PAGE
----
A curious thing happened in my home state, and I was completely oblivious about it. Tennessee decided to finally catch up to the practice of Greek wine merchants 3,000 years ago and allow customers to sample a bit of wine inside the shop. Previously stores had to set up a special tasting with a restaurant that had a liquor license, but no more. Where did I first hear about this? From wineblogger and all-around cool dude The Wine Commonsewer, who operates out of California but spent some of his military younger days in my fair town. And because I pour more free samples of wine down the drain than most people purchase, I don't spend a lot of time in my local retail shops, for which I deeply apologize.
A week after the new freedom, I popped into Kirby Wines & Liquors as I do when I'm in the neighborhood. Angela Moon spotted me from the upper level, and we tried an Argentine Malbec at one of the brand new tables. I always love tasting wines with Angela, because on the few occasions in which we've participated in blind tastings, our scores have been pretty close. It's always good to find a wine retailer whose palate matches your own.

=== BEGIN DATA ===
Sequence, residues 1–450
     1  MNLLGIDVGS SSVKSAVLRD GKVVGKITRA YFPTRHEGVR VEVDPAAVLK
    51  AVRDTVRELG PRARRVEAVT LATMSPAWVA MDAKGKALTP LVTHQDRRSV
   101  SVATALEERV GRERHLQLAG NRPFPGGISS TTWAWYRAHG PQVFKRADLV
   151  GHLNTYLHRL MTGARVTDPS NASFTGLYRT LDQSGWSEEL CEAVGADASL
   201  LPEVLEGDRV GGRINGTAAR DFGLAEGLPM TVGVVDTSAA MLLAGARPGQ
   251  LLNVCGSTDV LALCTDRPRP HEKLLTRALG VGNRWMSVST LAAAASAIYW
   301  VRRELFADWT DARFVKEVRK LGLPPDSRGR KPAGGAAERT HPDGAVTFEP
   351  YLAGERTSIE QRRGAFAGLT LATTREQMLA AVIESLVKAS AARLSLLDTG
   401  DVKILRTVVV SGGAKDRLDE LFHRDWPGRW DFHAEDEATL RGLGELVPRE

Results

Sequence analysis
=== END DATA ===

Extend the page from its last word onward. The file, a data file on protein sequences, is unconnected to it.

She directed me toward a wine that hit all my buttons: a Bordeaux blend from South Africa that features a dog on the label. And not just any dog, but the abandoned yet loyal mongrel of a farmhand that stood guard for his master three years after his death. Read the story, finish crying like I did, and come back to the tasting notes. If you buy this wine, please toast the memory of faithful Boes with each glass.
2007 Mulderbosch Faithful Hound
$21, 13.5% abv.
62% Cabernet Sauvignon, 10% Malbec, 10% Petit Verdot, 10% Merlot, 8% Cabernet Franc
Classic Bordeaux blend that is much more old world than you'd think. Lots of green bell pepper, tobacco, tomato leaf, very Médoc nose. Mild cherry flavor with medium tannins. As it breathe you get deeper elements like beef broth and cigars. Lots of complexity here, and as I've always said, a wine with a story goes a long way during a dinner. You can say, "Here's some purple grape juice that was pumped out of a factory in Los Angeles." Or you can say, "I can show you a photo of the oak tree under which this remarkable dog was buried, for he had such devotion to his owner."
Enjoyed with a thick porterhouse steak, served with fire-roasted onions, peppers, and mushrooms. The earthy elements of the veggies combined with the vegetal profile of the wine was a winning combination, and of course the resident dogs were happy about the occasional drops of beef fat that hit the ground. Normally they'd be shooed from the kitchen, but with this wine... we're gonna let it slide.
Note: This wine was received as a sample.